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Talkin’ About My Generation: What Leaders Need to Know About Engaging Generational Groups Through Empathy

Talkin’ About My Generation: What Leaders Need to Know About Engaging Generational Groups Through Empathy
Posted on Monday, June 18, 2018 by Rae Shanahan
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Our 2018 State of Workplace Empathy Study uncovered empathy as a key ingredient in employee engagement and retention.

businessolver-empathy-infographic-blogThe study found that 90 percent of employees across generations believe empathy is important in the workplace. And, while there was a lot of common ground, there are a few  key differences in the way employees of different ages view empathy – and understanding their opinions, preferences, and general characteristics in the workplace can help leaders unlock better employee – and business – performance.

While there are currently five separate generations under one workplace roof, we’ll explore the big three: Baby Boomer, Gen X, and Millennial. All three generations agree that empathy is critical in the workplace but how they work and interact is somewhat different. Understanding and working with these generational preferences goes a long way, especially since 90 percent or more of each generation indicated that respecting personal working styles shows empathy.

So, what are those styles?

Baby Boomers – Move aside

Born between 1949 and 1964, Baby Boomers experienced a post-WWII economic boom as well as a population explosion. Because of this, competition was fierce for jobs, college seats, and overall success. Thus, Baby Boomers are labeled the “workaholic” generation; they enjoy structured work weeks and don’t mind long hours. Generally, they are motivated by position, workplace perks, and job prestige. Although they are generally independent workers, 88 percent of Boomers are comfortable asking for input when making important strategic decisions.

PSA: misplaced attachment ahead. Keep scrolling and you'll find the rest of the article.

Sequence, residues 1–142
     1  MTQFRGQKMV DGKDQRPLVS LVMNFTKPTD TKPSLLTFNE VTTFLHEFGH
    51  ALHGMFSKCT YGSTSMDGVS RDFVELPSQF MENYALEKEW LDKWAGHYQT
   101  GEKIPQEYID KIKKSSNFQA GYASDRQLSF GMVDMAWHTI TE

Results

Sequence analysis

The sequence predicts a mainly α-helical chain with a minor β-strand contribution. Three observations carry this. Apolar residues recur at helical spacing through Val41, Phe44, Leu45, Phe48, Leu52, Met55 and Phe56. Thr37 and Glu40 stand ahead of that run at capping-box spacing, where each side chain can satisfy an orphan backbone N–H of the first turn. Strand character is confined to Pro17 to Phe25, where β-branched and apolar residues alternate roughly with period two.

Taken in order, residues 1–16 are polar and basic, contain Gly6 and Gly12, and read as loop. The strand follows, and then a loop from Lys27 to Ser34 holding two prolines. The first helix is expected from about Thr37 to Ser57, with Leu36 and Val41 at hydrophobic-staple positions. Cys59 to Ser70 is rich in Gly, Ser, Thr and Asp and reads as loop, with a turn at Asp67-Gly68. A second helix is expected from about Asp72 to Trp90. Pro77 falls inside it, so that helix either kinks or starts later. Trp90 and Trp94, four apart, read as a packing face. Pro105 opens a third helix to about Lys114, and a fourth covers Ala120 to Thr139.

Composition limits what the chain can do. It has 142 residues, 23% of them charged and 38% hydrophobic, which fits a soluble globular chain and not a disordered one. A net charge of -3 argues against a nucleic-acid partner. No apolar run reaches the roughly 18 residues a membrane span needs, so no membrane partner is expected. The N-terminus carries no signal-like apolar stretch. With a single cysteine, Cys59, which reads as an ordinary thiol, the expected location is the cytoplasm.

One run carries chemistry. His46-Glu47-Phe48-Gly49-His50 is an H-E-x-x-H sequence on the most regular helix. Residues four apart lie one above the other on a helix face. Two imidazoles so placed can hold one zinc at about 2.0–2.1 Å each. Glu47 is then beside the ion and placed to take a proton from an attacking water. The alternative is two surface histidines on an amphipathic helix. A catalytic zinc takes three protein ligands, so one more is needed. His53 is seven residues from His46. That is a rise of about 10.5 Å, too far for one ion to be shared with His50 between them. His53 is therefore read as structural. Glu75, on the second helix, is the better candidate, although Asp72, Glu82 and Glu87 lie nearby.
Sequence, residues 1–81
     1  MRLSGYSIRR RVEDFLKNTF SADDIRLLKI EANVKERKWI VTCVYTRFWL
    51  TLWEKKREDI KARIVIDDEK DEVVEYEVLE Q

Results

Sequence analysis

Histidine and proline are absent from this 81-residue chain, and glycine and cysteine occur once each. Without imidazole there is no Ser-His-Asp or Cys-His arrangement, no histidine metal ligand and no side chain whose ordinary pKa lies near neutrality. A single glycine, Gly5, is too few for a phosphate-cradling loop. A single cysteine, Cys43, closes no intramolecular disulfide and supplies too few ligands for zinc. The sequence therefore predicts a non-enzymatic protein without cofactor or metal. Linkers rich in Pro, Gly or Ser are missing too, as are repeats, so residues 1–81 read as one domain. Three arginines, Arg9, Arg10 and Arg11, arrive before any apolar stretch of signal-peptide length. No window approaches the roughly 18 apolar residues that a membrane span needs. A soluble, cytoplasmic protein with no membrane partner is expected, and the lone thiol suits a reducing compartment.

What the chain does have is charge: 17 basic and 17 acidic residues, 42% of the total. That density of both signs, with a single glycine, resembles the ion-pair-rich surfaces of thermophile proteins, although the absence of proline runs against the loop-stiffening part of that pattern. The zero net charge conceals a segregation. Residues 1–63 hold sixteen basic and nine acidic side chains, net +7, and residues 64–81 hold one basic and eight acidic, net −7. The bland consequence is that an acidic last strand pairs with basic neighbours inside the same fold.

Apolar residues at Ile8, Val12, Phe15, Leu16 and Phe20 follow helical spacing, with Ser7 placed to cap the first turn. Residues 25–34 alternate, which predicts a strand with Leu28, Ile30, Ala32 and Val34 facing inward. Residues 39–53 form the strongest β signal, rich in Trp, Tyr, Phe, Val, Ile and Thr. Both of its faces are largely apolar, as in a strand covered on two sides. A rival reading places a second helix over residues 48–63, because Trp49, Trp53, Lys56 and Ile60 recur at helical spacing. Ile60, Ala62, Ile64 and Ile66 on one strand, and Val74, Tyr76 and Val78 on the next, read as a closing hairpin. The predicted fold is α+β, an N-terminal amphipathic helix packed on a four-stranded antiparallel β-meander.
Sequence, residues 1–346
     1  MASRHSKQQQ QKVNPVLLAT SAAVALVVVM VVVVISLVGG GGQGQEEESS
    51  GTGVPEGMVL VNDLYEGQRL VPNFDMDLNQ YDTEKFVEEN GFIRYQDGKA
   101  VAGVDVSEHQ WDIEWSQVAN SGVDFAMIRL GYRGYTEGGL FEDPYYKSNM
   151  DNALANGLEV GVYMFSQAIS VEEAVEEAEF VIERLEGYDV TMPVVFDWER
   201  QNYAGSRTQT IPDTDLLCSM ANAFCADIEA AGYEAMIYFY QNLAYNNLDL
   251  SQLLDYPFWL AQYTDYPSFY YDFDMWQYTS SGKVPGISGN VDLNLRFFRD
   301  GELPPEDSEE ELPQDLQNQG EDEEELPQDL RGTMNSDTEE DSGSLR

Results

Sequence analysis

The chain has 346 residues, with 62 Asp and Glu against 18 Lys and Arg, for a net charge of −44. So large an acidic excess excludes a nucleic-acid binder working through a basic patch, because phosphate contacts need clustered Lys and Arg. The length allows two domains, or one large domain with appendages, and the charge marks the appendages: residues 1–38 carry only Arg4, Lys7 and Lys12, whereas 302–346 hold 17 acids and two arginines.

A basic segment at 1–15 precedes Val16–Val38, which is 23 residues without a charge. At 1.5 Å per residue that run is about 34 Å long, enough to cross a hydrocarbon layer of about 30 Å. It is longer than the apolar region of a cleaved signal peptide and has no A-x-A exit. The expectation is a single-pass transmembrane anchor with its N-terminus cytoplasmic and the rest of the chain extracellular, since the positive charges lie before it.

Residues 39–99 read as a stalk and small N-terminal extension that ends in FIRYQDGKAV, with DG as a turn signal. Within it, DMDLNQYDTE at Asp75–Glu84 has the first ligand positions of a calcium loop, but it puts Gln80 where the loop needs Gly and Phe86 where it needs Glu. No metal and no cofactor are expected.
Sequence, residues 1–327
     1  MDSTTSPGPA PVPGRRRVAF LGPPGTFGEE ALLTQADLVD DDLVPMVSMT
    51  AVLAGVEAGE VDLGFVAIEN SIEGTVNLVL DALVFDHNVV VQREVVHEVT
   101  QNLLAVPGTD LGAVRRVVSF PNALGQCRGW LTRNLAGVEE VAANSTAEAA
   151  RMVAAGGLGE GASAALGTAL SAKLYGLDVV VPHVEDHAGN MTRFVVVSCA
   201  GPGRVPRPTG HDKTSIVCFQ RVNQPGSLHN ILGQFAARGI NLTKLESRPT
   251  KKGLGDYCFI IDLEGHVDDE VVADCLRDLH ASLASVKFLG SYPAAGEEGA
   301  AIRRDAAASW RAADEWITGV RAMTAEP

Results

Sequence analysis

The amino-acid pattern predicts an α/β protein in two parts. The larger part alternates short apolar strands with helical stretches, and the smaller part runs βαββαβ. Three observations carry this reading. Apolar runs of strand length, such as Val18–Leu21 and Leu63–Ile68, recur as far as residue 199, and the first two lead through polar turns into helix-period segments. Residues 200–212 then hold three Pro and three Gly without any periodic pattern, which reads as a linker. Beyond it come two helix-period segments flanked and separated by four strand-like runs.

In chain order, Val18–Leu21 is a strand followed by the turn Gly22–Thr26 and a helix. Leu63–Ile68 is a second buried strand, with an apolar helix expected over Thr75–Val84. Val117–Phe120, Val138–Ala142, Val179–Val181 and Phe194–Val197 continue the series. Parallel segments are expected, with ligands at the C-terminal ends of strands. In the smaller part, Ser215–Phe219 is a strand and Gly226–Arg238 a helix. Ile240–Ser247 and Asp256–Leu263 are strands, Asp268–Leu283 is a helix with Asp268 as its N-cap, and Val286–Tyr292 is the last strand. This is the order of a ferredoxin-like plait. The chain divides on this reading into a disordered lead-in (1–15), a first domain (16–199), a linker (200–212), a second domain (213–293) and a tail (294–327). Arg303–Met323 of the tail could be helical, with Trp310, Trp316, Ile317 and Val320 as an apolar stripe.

Generation X – Don’t talk to me

Gen Xers, considered the “middle child” of the generations, are born between 1965 and 1980. By 2018, this generation will have 65.8 million in the workforce. Gen Xers are independent workers who dislike micro-managers and embrace a hands-off management philosophy. They were rated the most empathetic of all generations represented. Seventy-six percent of Gen Xers prefer calling a co-worker to emailing them.

Millennials – Please, tell me what you think 

Millennials, who came into the world between 1981 and 1999, are the largest generation in the workplace today. They currently hold about 20 percent of leadership roles, and that number is predicted to continue to grow throughout 2018. Millennials like to work in teams and enjoy making friends with their co-workers. Their top priority is flexibility, and they crave and relish feedback from their leaders. Eighty-one percent will leave an organization they consider non-empathetic to their needs and working styles. 

What do these differences mean for business leaders?

  1. Understanding individual generational motivations and personal circumstances can help you create a more empathetic workplace for everyone.
  2. Honoring communication preferences by generation can unlock connection and performance.
  3. Educating as well as training leadership  and employees — about generational differences and empathy can set the entire organization up for success.
  4. Exhibiting empathy to different generational groups can actually inspire them to work harder and stay with employers for longer.

Embracing empathy in your workplace doesn’t just foster good feelings between generations. By understanding and meeting people where they are, you create a more personalized environment that inspires collaboration, increases retention, and drives a healthier bottom line.

Interested in learning more about how employees of different generations view empathy in the workplace?

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